Whether it is trying a new hobby or reaching out to a new person, there are plenty of ways to confront your comfort zone without taking it too far. You don’t have to limit yourself to once a week and can gradually build up your stamina, starting with small, realistic tasks. Brainstorming both short- and long-term goals can help you stay on track in achieving them, providing a sense of pride, confidence, and accomplishment. Really take the time to figure out what is most meaningful for you and don’t forget to celebrate even the seemingly small steps!

6) Join (or create) a special interest group or club

Whether it's rock-climbing, reading, performing, or knitting Bob Ross blankets, there is quite a likely possibility that someone in your general area has similar passions. There are plenty of Facebook groups and ways to meet people with like-minded interests and find groups through social media (safely) or through your community or college/university. If your town has limited options, you can opt to create your own or even get creative using a virtual platform! During the pandemic, I channeled my passions of live music and emceeing by organizing open mic nights via Instagram live and was able to build my own special interest community through that, meeting plenty of lovely people. Even for technologically challenged folks like me, the sky's really the limit!

7) Set realistic goals and compromise

As someone who is easily overstimulated by crowds and loud noises, I have found goal-setting affirmations to be incredibly helpful when faced with the decision to stop playing online Scrabble in bed and go socialize with friends. When faced with the dilemma of going out, some frequently used favorite mantras of mine include, "I'll do my work for the bulk of the day so I can go out to the movies later. Whichever I decide to do is okay and does not define me" or "I will try going to the club for a half hour, and then I will reevaluate to see how I am feeling. If I decide to leave, this does not make me a bad person or friend by honoring my boundaries and trying my best." Checking in with yourself and ensuring your comfort levels is essential in having a great time and will prevent you from being trapped in unsafe, uncomfortable situations. Reciting these out loud or writing them down can help not only muster up the motivation to go but is also validating to the people around you that you care about spending time with them. Be open minded, but also know your limits and set boundaries when needed.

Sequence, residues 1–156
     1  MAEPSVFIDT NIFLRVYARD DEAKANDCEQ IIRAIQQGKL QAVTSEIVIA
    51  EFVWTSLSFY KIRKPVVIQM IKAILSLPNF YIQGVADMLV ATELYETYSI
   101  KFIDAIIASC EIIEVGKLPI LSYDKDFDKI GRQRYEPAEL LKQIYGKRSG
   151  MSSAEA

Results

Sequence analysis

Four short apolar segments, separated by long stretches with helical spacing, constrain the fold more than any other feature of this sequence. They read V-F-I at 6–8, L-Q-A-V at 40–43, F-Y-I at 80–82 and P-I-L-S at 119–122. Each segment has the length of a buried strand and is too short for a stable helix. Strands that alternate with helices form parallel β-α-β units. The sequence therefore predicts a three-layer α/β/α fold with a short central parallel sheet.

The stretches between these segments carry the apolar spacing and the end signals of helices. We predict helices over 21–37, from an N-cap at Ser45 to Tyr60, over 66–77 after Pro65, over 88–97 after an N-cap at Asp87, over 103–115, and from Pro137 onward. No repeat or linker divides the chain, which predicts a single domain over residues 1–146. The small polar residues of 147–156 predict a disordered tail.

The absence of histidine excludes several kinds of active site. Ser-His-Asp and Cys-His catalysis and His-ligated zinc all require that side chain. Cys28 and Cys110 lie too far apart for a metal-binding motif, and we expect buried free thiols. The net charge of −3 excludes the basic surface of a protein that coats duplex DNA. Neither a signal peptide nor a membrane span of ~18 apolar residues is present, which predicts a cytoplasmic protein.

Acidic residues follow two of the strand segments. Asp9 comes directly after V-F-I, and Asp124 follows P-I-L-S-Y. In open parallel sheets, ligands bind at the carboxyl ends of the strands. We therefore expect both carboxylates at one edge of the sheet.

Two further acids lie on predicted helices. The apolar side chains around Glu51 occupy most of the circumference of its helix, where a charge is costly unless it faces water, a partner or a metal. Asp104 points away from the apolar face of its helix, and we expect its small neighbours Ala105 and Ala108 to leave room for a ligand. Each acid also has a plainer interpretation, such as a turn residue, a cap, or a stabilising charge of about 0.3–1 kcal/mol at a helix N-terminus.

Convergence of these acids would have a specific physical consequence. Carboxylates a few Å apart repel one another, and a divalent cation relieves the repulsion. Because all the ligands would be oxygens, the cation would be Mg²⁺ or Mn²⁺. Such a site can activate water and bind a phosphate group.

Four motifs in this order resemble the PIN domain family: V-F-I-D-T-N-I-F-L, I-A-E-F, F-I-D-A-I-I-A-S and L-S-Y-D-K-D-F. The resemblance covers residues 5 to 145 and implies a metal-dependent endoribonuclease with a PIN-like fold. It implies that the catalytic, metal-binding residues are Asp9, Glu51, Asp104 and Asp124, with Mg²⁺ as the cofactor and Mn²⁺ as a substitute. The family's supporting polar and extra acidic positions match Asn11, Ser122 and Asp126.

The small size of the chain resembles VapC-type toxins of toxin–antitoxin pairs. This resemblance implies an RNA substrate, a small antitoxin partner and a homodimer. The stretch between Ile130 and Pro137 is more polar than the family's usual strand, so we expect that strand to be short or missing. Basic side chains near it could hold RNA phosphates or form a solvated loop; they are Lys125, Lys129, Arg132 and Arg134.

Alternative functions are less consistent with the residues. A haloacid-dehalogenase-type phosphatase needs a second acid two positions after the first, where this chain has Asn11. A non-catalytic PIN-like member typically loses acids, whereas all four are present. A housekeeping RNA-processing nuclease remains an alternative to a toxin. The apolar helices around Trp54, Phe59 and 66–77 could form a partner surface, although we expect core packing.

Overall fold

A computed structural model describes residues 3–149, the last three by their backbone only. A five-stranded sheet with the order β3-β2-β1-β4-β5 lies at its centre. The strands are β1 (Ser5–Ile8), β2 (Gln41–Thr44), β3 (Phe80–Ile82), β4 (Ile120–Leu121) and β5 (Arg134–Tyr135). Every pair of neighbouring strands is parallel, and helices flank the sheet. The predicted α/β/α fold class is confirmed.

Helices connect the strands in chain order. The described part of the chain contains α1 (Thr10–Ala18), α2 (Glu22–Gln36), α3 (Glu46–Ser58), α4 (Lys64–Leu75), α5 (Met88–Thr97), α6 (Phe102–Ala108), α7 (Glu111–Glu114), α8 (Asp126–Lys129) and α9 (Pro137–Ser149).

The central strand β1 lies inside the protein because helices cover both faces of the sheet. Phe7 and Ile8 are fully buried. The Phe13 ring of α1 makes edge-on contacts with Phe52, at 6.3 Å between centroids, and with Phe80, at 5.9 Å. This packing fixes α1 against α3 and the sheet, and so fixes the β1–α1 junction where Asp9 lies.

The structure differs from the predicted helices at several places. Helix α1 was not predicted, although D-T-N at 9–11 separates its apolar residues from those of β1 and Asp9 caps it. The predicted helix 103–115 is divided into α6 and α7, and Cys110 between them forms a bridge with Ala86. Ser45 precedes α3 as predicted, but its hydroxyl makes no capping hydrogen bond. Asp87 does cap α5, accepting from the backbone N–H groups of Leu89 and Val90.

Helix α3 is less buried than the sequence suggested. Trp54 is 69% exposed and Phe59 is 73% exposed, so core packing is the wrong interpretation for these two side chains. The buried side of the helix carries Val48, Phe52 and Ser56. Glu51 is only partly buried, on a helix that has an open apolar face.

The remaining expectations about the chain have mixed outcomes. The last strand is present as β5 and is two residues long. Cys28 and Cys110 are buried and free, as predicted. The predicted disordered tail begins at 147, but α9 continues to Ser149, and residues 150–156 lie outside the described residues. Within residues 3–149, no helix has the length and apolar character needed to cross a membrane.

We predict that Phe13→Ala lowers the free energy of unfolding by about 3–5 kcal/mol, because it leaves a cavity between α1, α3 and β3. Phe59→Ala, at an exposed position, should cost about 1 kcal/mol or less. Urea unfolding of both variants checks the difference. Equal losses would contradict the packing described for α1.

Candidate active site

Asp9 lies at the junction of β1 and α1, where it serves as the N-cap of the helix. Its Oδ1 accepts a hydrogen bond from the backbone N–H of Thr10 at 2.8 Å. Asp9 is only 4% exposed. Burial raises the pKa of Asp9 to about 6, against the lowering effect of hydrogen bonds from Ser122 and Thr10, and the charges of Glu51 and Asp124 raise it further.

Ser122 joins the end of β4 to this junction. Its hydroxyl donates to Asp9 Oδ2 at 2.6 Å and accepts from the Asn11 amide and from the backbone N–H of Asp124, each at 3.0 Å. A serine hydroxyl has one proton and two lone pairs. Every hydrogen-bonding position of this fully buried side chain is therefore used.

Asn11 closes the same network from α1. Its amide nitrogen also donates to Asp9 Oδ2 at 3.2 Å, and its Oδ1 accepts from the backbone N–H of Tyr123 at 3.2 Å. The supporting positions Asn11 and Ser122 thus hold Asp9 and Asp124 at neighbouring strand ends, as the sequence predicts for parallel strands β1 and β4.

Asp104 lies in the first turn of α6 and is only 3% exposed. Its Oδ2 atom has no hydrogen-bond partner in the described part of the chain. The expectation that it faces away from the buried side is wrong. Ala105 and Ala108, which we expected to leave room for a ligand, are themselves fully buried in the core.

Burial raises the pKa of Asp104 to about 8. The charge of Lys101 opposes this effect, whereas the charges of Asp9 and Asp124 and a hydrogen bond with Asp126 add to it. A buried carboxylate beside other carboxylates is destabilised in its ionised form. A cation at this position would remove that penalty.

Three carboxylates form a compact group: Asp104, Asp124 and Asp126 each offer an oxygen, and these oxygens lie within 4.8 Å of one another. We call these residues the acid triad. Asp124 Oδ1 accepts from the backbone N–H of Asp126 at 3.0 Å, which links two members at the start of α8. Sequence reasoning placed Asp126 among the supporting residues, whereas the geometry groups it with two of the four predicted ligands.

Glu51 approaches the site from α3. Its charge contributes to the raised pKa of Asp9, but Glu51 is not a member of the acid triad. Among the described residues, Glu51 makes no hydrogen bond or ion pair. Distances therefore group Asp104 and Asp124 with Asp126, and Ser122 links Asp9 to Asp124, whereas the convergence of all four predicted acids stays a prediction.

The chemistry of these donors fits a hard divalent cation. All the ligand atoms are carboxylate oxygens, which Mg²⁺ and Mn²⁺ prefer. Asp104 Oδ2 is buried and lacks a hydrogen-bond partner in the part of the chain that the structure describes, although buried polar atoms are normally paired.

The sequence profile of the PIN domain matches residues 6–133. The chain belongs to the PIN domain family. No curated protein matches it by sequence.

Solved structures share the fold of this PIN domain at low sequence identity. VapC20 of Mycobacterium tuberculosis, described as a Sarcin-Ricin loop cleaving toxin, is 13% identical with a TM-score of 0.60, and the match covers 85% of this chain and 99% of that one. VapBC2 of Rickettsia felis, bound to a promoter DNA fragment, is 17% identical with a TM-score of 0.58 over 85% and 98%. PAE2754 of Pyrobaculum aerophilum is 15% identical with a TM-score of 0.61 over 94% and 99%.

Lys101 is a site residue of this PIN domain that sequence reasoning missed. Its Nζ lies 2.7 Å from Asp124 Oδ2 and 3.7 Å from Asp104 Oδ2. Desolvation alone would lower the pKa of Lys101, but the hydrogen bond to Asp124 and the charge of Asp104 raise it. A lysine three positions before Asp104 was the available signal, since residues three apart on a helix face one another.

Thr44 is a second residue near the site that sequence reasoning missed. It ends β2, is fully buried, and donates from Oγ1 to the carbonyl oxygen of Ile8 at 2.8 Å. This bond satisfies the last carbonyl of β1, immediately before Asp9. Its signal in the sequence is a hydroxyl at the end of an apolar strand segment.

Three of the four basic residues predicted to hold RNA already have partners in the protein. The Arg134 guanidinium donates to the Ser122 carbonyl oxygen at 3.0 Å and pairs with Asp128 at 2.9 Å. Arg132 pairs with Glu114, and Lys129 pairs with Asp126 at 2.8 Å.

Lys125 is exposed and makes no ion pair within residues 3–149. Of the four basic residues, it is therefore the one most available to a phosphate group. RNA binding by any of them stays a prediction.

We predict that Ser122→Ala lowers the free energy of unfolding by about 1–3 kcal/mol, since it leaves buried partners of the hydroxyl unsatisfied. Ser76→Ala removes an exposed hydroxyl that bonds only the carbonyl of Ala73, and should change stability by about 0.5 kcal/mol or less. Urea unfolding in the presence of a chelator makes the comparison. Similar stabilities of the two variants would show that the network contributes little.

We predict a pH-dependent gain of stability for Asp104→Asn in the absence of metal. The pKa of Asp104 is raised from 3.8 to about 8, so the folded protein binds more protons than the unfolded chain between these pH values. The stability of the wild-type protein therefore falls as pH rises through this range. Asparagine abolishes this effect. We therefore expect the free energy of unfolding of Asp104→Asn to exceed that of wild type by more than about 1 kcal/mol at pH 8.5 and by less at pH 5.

8) Go on little adventures

While being out for longer periods of time might be a challenge, get creative with some small-scale adventures and excuses to get out of the house! Whether it's a quick drive or bike ride to the library or exploring the nature trail behind your house, activities like these will allow you to interact with others, but on your terms and for as short or long as you would like and ensures a balance.

9) Always have a backup plan and listen to your body

Similar to #7, setting these goals also pairs well with having an "escape" plan if social anxieties and feelings of anxiety set in. Prior to when your plans are taking place, write out a detailed plan with ideas of how to handle the situation and cope if things turn sour. Preparing a plan in advance can help alleviate stress and validate your feelings in case something goes wrong or if you are feeling uneasy. Considering different factors of what to say, where to go, and which situations may prompt negative feelings can make all the difference and limit feelings of shame and guilt if you do have to remove yourself from what is going on. It is also okay to take breaks and come back to a situation after stepping away for a little while! Being aware of how your body responds to anxiety-inducing situations is another great way to gauge when and if it is time to leave or spend some time alone to self-regulate.

10) Pat yourself on the back for how hard you are trying

FOMO is real, peer-pressure is real, and navigating increased opportunities to socialize as a young adult while balancing relaxation and work can be quite difficult. However, you deserve to be proud of yourself for balancing it all amongst the chaos that is your 20s. Remember that there are always options out there and that you're doing the best that you can! To my 20-somethings who possess both outgoing and introverted traits and have difficulty expressing both sides of themselves, I see you, I hear your struggles, and you are so valid.